Foxing is a band that makes the sidewall of the shoe sole. It's separate from the upper and sole that secures the joint where the upper and sole meet. It's mostly used on sneakers to reinforce the application of the sole to the upper. Foxing has to be molded or applied at the sole, overlapping the upper, and spanning right around the shoe.
The shoe heel is attached to the rear end of the sole. It elevates the back half of the foot to offer adequate support. The heel comprises of two main parts of the shoe: the heel seat, which is the upper part that's shaped like the shoe, and the top piece, which is the lower part that touches the ground.
The insole, also called the inner sole or footbed, is the inner part of the shoe that sits on top of the midsole and supports the bottom of the foot. Since it is removable, it’s easy to replace. The inner sole attaches to the upper part of the shoe and is made of synthetic insole board or cellulose paperboard. Specialty inner soles can be incorporated to control odor, make the shoe more comfortable and absorb shock.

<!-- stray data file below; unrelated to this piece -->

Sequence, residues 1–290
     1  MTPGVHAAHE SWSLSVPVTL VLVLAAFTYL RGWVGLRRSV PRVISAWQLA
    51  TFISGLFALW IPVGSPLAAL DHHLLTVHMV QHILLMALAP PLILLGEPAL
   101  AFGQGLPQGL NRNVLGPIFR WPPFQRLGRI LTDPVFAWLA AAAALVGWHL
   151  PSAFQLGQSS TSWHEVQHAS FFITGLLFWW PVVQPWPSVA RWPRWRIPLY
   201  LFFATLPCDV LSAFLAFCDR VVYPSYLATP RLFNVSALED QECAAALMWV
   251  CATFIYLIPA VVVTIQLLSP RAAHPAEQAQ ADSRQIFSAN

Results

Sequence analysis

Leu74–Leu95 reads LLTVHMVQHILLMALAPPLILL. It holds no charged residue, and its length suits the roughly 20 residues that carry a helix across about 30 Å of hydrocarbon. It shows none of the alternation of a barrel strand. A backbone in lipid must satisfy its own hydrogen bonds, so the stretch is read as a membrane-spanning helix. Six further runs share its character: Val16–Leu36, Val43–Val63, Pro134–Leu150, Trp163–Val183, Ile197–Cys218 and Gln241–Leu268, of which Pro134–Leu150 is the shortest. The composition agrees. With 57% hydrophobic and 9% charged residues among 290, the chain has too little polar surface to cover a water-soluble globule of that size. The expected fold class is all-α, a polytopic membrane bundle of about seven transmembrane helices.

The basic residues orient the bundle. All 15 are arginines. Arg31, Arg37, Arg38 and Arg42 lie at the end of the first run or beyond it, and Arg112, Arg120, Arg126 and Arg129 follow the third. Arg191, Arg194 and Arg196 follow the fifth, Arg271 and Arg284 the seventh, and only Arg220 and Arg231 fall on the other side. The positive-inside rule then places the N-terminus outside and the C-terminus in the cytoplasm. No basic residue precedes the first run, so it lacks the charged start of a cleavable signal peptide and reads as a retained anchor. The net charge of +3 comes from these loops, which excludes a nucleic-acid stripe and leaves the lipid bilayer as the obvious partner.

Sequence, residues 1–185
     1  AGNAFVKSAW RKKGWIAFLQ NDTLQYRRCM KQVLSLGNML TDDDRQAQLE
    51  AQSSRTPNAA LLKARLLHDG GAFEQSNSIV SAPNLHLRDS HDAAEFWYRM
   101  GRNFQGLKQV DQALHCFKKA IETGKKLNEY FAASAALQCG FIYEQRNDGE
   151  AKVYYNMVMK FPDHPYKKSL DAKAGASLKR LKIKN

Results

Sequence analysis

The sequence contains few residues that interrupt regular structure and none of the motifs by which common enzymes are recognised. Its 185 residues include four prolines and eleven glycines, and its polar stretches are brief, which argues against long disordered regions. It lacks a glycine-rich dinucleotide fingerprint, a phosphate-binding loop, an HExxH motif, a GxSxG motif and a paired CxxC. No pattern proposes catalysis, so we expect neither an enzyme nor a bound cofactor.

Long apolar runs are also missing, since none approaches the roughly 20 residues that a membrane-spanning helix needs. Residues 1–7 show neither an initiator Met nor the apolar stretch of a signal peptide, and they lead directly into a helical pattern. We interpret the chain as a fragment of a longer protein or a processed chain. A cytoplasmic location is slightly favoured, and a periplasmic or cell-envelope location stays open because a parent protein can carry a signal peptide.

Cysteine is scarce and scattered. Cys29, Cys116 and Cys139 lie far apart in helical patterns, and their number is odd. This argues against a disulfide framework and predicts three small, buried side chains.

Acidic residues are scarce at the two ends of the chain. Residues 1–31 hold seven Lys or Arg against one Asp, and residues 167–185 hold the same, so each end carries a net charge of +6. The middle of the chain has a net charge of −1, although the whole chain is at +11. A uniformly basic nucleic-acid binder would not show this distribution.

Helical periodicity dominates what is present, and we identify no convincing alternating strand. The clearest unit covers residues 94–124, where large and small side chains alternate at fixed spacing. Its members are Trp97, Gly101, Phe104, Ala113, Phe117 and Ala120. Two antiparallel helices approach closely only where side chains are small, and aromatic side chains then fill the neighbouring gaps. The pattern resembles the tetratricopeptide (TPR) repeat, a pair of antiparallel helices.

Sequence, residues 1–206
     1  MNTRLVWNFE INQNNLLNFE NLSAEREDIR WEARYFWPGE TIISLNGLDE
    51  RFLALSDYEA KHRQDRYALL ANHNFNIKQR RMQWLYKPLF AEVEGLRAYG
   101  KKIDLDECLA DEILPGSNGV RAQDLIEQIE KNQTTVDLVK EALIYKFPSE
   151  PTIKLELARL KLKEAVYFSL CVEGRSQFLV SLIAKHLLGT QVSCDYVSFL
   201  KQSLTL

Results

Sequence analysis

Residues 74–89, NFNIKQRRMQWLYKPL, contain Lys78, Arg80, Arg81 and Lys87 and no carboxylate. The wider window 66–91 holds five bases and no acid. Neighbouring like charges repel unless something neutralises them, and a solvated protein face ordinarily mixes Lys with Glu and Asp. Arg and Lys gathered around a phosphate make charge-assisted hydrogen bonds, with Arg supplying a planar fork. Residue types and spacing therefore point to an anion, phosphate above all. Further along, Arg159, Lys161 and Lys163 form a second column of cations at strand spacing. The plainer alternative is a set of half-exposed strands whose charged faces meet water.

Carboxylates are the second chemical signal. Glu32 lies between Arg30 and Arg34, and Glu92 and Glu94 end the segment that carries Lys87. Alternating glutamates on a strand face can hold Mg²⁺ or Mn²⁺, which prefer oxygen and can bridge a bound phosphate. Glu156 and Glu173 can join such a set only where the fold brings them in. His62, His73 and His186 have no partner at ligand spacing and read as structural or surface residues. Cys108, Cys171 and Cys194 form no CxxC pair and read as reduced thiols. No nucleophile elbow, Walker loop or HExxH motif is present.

If you've ever felt intimidated with technical terms when buying a shoe, you know how important it is to familiarize yourself with different parts of a sure. And with this guide, you should be able to understand the shoe-specific jargon like the pro you are.
Thank you for this info! Having a wide ball of foot and high arches/insole, I wanted to know the parts of a shoe to name the shoe parts on the rare ones that fit great and better, has a nice shape complementing the shape of the human foot. I still get the name of the shoe where on some great foot flattering sneakers, it has a “waist”. And I found a very expensive pair of desert boots way back that looked flatteringly narrow but the toxic box was taller without looking taller or just more material. Great for my wider spread of toes (moderate bunions from lifetime of narrow tight toe box shoe). I see the pic of sneaker/boots (?) and the shoes are frumpy shaped instead of more elegant if the inside “waist” was shaped with inward contour. What happens to older shoe patterns that were known to show the architectural beauty of
Comments will be approved before showing up.
When it comes to back pain, shoes are often the last thing anyone thinks about. They might see a chiropractor. They might try yoga. They’ll even try a very expensive new mattress. Millions of people across the country suffer from back pain. And research shows back pain is one of the leading causes of missed work.